Ann Tottingham of Houston fills out her ballot Tuesday morning at the storm shelter.

Texas County residents elected a new sheriff in an election Tuesday that saw incumbents retained at the county level.

Cabool police officer James Sigman scored a victory over Melissa Dunn, 7,895-2,779. Sigman, a Cabool resident, won in each of the 10 voting locations and in absentee balloting. A Cabool Republican, Sigman beat Democrat Dunn by 1,003 votes at his hometown voting precinct and across the county to sweep to a four-year term. Sigman replaces Sheriff Carl Watson, who did not seek re-election.

County Clerk Don Troutman said about 68 percent of the county’s registered voters traveled to precincts.

County Commissioners John Casey of Cabool and Linda Garrett of Licking won re-election to four-year terms. Both are Republicans. Casey won over Democrat Rose Ward, 3,737-2,120. Garrett took the District 2 commission’s seat over Ron Kramer of Raymondville, 3,219-1,452. The incumbents won every voting location.

There will be a new officeholder at the Texas County Justice Center. Republican Connie Thompson of Cabool won over Lisa Ruller Dixon of Houston in every precinct to replace Democrat Theresa Campbell of Cabool, who did not seek re-election. The vote for the four-year term: 6,889-3,534.

Treasurer-Collector Tammy Cantrell of Houston easily won re-election to a four-year term over Jack Hines of Willow Springs, 6,530-4,108. Cantrell, a Democrat, won every precinct.

Two associate judges sought a promotion to replace retiring Circuit Judge Tracy Storie. In Texas County, Bill Hickle of Phelps County won over Colin Long of Pulaski County, 6,300-3,999. In the four-county circuit of Phelps, Maries, Pulaski and Texas, Hickle won over Long, 25,923-18,903. Hickle used a nearly 6,000-vote margin in Phelps County to win the four-year term.

Running unopposed were Coroner Thomas Whittaker and Assessor Debbie James, who captured more votes than any candidate on the ballot. Elected surveyor was Chuck Manier of Houston, a Republican, who replaces Louis Carmack of Roby, a Democrat.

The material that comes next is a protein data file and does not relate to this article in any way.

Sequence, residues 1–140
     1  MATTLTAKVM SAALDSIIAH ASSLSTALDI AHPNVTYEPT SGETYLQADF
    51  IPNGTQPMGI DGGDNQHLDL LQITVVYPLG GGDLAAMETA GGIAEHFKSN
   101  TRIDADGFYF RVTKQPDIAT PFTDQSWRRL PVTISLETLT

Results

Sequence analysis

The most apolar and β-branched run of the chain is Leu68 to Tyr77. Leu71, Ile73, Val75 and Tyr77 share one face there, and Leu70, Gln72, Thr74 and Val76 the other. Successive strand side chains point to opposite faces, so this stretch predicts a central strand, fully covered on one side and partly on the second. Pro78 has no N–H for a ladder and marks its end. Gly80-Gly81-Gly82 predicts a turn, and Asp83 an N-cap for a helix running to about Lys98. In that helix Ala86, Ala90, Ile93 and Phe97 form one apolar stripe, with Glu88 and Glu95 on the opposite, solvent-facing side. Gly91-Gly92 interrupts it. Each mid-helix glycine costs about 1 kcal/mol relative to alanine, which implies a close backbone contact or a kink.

U.S. Sen. Claire McCaskill, a Democrat, won re-election in a race that drew national attention. Statewide, McCaskill captured 54.7 percent over Republican Congressman Todd Akin’s 39.2 percent. Libertarian Jonathan Dine picked up 6.1 percent.

McCaskill’s race was called early in the evening based on a strong showing in rural Missouri.

Like Missouri, Texas County voters supported the Republican Ticket of Mitt Romney and Paul Ryan over President Barack Obama and Vice President Joe Biden. The vote was 7,618-2,871. Obama, whose county tally was about 5 percentage points less than in 2008, coasted nationwide to an easy victory, picking up at least 303 electoral votes and winning the popular vote. Obama’s win marked the first time since 1816 the United States has had three consecutive two-term presidents.

Paint Texas County red when it came to statewide races. Republicans easily won each contest:

—Dave Spence won over Gov. Jay Nixon, 5,831-4,635. Nixon won statewide.

—Akin took the county, winning 5,340-4,544, over McCaskill, who easily won re-election.

—Lt. Gov. Peter Kinder was the victor over Susan Montee, a former state auditor, 6,351-3,630.

—Greene County State Rep. Shane Schoeller won over State Rep. Jason Kander, a northern Missouri legislator, 6,562-3,528.

—Cole McNary of St. Louis carried the county over Treasurer Clint Zweifel, 5,944-3,991.

—Ed Martin of St. Louis narrowly won over Attorney General Chris Koster, 5,110-4,972.

Statewide, the picture was different: Nixon became the third man ever to win consecutive terms as the state’s chief executive with a decisive win over Republican businessman Spence. With all precincts reporting, Nixon bested Spence by a 54.7 percent to 42.6 percent margin. Spence called to concede to Nixon around 10:30 p.m.

Koster and Zweifel both won re-election. Kinder, one of two Republicans to hold statewide office, is set to take on a third term. And state Rep. Jason Kander prevailed in the hotly contested race for secretary of state over Schoeller, the House pro tem speaker. While Kander focused on campaign finance reform, Schoeller strongly supported a government-issued photo identification requirement at the polls. Kander and other Democrats opposed such a move as an unnecessary step that could make it harder for some segments of the population to vote.

U.S. Rep. Jo Ann Emerson was easily re-elected to a ninth term. She is a Republican.

Statewide ballot issues:

Missouri voters narrowly rejected for the third time an increase in the tobacco tax. In other ballot issues, they voted by huge margins on Tuesday to approve propositions that will give St. Louisans control of their police department and block creation of a health insurance exchange without legislative approval.

The result was mirrored in Texas County.

They also rejected proposed changes to the state’s nonpartisan court plan, alterations that proponents had backed off of campaigning for in recent weeks.

Texas County’s outcome followed the statewide voting. Changes to how judges are selected was defeated 7,437-2,154.

Proposition A — the police force issue — won in Texas County, carrying 60 percent of the vote.

Texas County residents didn’t want to pay higher cigarette taxes, defeating the matter 6,821-3,708. The insurance exchange measure lost 6,460-3,458.

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